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Home / Business / Ruia bid for Essar puts focus on exit window

Ruia bid for Essar puts focus on exit window

Sec 12A of insolvency code says a company can be taken out if 90% of shareholders back move
Pulling Essar Steel out of the fire.
Pulling Essar Steel out of the fire.
(Agencies)

Sambit Saha   |   Calcutta   |   Published 25.10.18, 09:31 PM

The Ruias’ attempt to retain control of Essar Steel with a last-gasp bid designed to steer the ailing steel maker out of the insolvency resolution process has put the spotlight on section 12A of the Insolvency & Bankruptcy Code that was wormed into the legislation through an amendment in June 2018.

This section lays down the criteria under which a resolution applicant can under circumstances take the company out of the corporate insolvency resolution process monitored by the National Company Law Tribunal.

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The section states: “The Adjudicating Authority may allow the withdrawal of application admitted under section 7 or section 9 or section 10, on an application made by the applicant with the approval of 90 per cent voting share of the committee of creditors, in such manner as may be specified.”

A press release by the ministry of corporate affairs on June 6, 2018 explained why the change was brought in. “In order to protect the sanctity of the CIRP, the ordinance lays down a strict procedure if an applicant wants to withdraw a case after its admission under IBC 2016.

“Henceforth, such withdrawal would be permissible only with the approval of the committee of creditors with 90 per cent of the voting share.

“Furthermore, such withdrawal will only be permissible before publication of notice inviting expressions of interest (EoI). In other words, there can be no withdrawal once the commercial process of EoIs and bids commences.”

Asked to comment how the Ruias’ bid would pass muster at such a late stage, an Essar official said: “The company could not make an offer before the submission of EoI because there was no legal provision for it then. Now, there is one and we have arranged funds to make an offer and it can be considered.”

ArcelorMittal strongly challenged the Ruia stand. “Our understanding is that the IBC’s section 12A does not apply to the resolution process of Essar Steel. Section 12A clearly states that any application to withdraw must be submitted prior to issuance of the invitation for expressions of interest and must be accompanied by a bank guarantee for the specified amounts.”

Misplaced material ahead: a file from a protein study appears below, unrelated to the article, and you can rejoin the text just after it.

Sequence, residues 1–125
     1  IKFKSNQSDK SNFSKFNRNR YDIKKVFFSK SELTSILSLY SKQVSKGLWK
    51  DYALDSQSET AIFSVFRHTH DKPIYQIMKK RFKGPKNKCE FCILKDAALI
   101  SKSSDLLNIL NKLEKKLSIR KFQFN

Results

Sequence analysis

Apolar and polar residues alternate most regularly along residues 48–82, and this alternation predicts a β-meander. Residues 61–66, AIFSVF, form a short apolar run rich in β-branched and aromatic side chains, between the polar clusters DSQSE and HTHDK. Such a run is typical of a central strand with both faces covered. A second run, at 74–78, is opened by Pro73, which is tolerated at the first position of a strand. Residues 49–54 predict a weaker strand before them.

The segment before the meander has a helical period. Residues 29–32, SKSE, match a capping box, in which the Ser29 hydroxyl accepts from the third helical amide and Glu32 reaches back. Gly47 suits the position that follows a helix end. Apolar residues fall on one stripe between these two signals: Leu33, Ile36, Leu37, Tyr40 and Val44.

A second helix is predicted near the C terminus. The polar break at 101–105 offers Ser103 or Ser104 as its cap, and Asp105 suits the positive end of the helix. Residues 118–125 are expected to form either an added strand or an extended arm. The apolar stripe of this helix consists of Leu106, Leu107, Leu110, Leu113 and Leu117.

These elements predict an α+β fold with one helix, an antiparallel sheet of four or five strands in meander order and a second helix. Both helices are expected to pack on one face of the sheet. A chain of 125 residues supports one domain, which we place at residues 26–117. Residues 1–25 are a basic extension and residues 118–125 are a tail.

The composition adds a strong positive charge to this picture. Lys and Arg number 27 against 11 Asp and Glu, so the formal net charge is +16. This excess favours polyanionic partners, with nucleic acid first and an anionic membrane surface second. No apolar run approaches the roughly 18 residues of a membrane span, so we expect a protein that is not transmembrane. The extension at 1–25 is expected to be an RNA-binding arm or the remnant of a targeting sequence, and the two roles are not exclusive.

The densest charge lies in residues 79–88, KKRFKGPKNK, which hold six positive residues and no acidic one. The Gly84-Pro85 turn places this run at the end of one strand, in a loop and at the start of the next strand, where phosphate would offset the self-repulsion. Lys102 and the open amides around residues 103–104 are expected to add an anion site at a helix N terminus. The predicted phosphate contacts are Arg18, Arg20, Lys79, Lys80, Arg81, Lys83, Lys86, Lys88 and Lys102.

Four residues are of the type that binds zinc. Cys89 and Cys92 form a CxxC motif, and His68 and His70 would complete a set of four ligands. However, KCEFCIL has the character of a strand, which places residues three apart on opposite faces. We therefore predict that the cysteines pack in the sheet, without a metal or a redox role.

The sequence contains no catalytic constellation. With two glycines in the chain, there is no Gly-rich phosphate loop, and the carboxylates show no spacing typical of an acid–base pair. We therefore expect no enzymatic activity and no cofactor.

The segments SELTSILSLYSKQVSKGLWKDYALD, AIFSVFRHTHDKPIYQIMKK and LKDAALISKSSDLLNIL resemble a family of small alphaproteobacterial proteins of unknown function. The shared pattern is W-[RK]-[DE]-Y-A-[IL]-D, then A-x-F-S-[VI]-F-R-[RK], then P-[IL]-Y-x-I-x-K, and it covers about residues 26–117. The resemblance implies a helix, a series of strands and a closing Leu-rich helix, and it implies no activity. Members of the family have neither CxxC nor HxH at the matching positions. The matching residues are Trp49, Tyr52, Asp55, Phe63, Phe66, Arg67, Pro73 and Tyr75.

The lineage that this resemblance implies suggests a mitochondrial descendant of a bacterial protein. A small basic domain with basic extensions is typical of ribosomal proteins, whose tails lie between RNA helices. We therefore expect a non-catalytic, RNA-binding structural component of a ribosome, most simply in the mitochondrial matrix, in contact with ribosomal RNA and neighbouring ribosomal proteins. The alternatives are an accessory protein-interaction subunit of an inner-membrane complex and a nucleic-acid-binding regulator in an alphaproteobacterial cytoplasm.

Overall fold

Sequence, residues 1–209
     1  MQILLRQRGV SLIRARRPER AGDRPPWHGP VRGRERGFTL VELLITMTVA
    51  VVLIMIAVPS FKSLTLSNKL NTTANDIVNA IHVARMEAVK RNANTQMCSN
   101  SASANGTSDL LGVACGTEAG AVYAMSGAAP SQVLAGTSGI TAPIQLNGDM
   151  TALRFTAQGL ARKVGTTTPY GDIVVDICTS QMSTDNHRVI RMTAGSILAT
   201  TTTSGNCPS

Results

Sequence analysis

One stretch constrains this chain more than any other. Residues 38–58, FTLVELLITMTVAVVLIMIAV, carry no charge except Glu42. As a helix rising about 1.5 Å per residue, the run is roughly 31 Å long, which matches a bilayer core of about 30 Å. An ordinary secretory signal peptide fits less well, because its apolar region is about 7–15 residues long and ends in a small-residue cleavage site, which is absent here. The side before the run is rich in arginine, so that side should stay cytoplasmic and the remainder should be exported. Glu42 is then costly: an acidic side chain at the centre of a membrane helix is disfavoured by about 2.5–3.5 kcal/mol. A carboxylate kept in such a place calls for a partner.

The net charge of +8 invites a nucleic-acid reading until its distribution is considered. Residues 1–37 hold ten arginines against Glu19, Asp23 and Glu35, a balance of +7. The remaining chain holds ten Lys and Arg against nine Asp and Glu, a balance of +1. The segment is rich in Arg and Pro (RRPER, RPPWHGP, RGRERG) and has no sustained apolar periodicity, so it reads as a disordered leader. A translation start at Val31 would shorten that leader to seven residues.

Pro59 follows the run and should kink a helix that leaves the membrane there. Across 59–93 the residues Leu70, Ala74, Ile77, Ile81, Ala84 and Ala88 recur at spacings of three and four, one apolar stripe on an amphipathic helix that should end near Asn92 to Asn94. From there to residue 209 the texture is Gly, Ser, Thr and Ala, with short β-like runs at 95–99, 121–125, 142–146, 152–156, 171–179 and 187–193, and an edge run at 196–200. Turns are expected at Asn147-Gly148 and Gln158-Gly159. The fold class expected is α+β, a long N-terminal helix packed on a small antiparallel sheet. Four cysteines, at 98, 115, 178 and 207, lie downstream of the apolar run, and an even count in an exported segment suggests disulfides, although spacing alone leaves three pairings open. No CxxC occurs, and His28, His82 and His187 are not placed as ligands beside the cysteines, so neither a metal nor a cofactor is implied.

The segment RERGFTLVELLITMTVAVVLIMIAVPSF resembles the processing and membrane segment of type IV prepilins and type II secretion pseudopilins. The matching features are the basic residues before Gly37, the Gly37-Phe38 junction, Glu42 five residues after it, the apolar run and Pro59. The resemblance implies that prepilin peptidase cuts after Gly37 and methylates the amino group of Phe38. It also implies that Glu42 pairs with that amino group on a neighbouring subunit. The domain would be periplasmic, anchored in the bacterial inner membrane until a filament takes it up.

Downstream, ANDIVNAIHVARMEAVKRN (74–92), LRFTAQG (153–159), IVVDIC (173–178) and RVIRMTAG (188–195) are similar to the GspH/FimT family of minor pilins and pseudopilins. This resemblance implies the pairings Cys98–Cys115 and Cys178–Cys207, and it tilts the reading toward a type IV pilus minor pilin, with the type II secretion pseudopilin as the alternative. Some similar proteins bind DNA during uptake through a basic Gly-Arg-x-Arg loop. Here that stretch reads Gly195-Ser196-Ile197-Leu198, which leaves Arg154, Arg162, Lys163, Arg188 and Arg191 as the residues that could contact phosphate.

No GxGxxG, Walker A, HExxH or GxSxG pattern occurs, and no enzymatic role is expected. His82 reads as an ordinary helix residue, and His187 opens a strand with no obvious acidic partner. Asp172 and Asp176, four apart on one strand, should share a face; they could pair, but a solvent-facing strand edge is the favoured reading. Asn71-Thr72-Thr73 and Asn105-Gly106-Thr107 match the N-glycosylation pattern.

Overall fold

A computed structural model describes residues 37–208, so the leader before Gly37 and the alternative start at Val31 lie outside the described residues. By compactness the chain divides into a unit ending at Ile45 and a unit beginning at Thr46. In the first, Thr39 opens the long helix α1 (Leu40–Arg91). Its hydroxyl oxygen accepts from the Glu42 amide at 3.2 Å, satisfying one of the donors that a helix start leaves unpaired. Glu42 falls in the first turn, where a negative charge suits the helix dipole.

“The EoI for Essar Steel was issued in October 2017. ArcelorMittal has complied with the Supreme Court order, we have settled the overdues of Uttam Galva and KSS Petron and we have the bank guarantees in place for the payment for Essar Steel. We expect the process to continue under the clear terms of the IBC,” the company said.

A source close to ArcelorMittal said the Ruias were “wilful defaulters”.

“If the Ruias can afford to pay now they should have paid before. This desperate last attempt clearly demonstrates that they are wilful defaulters. If they can pay now, they could have paid before. But they chose to treat the company and its creditors with complete disregard, secure in the belief that they could get the company back after forcing the lenders to take a significant haircut,” the source said.

Legal eagles said the matter could only be adjudicated by the Supreme Court, which has extraordinary powers under section 142 of the Constitution.

Incidentally, the apex court did not entertain a similar offer made earlier by the promoters of Binani Cement to take the company out of IBC process after the start of the resolution process. 



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